Engineers talk about tolerances, the degree to which a component can vary from a specification – and also whether that is plus, minus or ±. These two things, the specification and the tolerance, are the very definition of standards. The finer (smaller) the tolerances, the finer the standard and the greater the precision. Simple. But the standard is the standard, and the tolerance is the tolerance, regardless of the degree of precision.

And here, I think, lies the problem. When people hear or see the word “standards” they automatically add the qualification “high”, or even “very high” even if it isn’t there. But let’s be clear, even if you buy things off the shelf, they have been made to a standard: to ensure maximum sales potentials, track will have defined standards for gauge and flangeways, and wheels will have defined back to back and flange profiles. These can be defined in various ways, such as “track gauge equals check gauge plus flangeway” and “back to back equals check gauge minus glance width”, but the point is, by buying off the shelf, a modeller has already implicitly accepted these standards, albeit unknowingly in many cases.

Finescale is about accepting the degree to which perfection is unattainable. Whilst “exact scale” may be used to set an accurate track gauge, etc, the physical world of engineering tolerances means that is not fully achievable. This is liberating, as it points to the need to allow for a degree of imperfection. Finescale is therefore all about setting standards: not just for track and wheels, but about everything: level of detail, contemporaneously correct details, etc. It’s an attitude of mind. This acknowledgement and definition of standards is the definition of how we wish to achieve our aims. And the measure of success is gauged against these standards. And this is where the pitfalls lie and misunderstandings arise.

  • This is an entirely personal and individual choice: what works for me may not work for you.
  • Similarly, not consciously adopting or defining standards is a perfectly feasible alternative: if buying off the shelf works for you, then by all means do so, but please don’t think you have avoided having standards by accepting someone else’s.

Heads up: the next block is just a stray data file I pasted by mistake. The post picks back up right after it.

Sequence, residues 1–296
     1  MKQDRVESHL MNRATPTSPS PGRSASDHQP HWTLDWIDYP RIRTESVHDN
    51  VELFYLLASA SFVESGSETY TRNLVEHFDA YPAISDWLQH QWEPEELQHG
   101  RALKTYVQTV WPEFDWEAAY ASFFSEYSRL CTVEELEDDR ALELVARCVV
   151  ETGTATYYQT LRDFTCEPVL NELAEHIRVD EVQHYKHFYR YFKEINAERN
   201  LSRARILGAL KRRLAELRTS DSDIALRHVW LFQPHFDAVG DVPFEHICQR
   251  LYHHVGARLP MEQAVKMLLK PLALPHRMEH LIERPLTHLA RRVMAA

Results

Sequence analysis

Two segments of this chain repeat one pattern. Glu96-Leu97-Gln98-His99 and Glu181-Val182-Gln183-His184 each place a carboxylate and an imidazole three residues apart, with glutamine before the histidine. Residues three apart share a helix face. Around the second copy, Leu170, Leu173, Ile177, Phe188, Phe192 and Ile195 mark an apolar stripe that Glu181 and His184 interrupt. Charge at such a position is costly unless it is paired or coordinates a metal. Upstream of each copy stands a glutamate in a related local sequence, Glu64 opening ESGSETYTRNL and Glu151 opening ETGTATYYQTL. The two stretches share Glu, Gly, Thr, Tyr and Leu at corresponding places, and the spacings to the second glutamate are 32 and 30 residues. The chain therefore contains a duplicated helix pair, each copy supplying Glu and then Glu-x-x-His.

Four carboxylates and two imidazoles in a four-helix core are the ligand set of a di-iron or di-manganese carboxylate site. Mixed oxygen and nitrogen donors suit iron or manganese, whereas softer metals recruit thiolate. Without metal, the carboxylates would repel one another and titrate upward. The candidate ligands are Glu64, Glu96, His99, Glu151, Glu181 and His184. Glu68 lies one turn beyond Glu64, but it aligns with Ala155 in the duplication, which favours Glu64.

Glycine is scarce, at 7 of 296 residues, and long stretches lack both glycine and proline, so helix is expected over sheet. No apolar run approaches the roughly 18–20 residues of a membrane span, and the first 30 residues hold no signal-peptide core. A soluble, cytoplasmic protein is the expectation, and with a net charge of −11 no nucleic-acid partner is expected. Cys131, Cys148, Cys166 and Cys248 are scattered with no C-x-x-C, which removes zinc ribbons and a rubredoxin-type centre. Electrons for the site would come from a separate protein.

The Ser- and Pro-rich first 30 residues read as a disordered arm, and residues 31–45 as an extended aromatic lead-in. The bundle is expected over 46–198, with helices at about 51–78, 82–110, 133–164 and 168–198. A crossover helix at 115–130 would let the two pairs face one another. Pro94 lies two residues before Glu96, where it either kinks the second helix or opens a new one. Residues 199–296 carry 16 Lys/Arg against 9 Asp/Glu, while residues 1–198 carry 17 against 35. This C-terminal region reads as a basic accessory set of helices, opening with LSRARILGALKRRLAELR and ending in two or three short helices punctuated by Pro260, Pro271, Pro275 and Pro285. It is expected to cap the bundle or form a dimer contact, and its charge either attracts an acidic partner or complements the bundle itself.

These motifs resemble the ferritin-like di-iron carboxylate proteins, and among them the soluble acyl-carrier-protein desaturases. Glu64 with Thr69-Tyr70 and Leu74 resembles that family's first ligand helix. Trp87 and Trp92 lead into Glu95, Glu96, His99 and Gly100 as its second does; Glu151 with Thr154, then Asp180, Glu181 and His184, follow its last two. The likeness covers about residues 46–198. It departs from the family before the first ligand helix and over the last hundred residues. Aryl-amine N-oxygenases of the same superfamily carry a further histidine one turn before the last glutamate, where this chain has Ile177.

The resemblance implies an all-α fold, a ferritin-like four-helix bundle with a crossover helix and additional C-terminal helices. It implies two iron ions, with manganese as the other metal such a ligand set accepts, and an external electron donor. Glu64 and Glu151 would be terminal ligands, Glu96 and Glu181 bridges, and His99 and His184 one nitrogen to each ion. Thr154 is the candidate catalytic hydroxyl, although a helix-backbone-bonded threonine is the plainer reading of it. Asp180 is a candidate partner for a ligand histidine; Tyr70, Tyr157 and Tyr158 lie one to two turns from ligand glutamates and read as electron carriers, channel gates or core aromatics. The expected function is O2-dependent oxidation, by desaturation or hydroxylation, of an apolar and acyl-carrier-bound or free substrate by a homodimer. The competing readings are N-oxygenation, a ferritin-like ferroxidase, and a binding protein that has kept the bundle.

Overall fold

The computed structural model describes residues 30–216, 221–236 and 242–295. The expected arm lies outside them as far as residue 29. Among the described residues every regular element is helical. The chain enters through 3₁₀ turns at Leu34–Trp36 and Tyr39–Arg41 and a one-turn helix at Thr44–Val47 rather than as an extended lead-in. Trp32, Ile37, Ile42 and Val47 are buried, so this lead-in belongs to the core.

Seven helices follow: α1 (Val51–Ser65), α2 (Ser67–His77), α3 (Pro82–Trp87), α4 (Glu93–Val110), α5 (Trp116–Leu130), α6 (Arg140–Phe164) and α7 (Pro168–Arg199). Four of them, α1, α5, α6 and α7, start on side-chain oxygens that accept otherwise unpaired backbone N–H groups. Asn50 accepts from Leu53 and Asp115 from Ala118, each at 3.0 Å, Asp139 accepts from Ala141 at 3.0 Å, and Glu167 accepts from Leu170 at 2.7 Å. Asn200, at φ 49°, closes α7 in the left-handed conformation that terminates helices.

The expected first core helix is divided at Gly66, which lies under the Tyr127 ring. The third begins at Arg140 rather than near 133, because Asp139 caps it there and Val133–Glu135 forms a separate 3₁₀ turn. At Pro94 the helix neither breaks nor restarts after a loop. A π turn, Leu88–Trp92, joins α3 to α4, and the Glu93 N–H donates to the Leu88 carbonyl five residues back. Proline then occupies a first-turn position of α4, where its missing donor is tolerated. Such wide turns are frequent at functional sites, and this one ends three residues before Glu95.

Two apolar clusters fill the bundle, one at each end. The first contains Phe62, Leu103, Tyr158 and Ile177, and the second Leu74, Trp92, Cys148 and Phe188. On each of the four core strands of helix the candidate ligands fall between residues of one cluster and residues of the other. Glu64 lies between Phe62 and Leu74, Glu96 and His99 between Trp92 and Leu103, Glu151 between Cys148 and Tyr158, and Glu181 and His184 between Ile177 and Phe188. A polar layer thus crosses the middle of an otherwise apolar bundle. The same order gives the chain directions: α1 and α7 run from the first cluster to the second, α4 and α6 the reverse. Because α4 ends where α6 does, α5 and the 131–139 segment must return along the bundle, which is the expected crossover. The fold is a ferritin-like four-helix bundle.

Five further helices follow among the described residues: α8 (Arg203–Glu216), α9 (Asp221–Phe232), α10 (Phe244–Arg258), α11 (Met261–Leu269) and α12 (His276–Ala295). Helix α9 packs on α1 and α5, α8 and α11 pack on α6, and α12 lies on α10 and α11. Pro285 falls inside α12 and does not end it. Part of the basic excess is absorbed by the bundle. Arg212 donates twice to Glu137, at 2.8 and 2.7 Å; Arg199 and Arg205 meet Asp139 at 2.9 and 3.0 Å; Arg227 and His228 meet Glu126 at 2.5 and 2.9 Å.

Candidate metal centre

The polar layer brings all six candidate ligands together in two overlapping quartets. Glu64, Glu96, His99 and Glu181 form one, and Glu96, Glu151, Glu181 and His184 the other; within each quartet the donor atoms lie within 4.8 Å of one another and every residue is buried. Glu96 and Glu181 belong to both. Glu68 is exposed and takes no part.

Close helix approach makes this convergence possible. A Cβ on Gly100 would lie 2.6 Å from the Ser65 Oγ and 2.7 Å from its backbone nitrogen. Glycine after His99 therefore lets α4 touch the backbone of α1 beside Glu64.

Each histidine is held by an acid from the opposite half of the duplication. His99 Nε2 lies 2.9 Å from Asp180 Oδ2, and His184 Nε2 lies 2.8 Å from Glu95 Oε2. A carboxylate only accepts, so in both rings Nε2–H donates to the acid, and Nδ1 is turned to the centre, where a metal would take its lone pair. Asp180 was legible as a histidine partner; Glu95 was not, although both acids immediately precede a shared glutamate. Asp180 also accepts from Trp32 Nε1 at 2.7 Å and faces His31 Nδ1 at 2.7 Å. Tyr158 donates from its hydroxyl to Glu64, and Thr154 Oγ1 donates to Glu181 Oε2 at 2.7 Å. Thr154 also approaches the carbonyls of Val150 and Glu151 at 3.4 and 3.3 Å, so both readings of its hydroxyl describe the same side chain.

• The fact that I have defined my personal standards does not mean I think I am in any way “better” than anyone else. It’s just my way of doing my hobby. If you resent my active choice of standards, that’s says nothing about me but a lot about you.
  • Working to a tighter degree of tolerance takes more time. I might achieve “less” in terms of quantity, but that’s not what I want.
  • This in no way contradicts the “good enough” concept: it is entirely congruent with it.. I am not building an operationally-focused “basement empire”, so replacing cast details is fine by me: that’s how I enjoy my modelling. If I had the space and desire for a large operations oriented layout, I would be using RTR equipment, modified, repainted and weathered to be sure, but everything would be subordinate to the aim of creating that dream, which has to be balanced against the time I have available.
  • As a corollary to all the above, what works for you in your circumstances probably won’t work for me in mine, so please don’t force your secret of success on me, or tell me that it is the only way to happiness.

Fundamentally I get more from satisfaction than from fun. This takes more time, but is much more enjoyable.

This post, and the last two, was inspired by Mike Cougill’s recent post on inspiration, whose wonderful blog continues to a haven for the sane, rational and thoughtful amongst the hobby.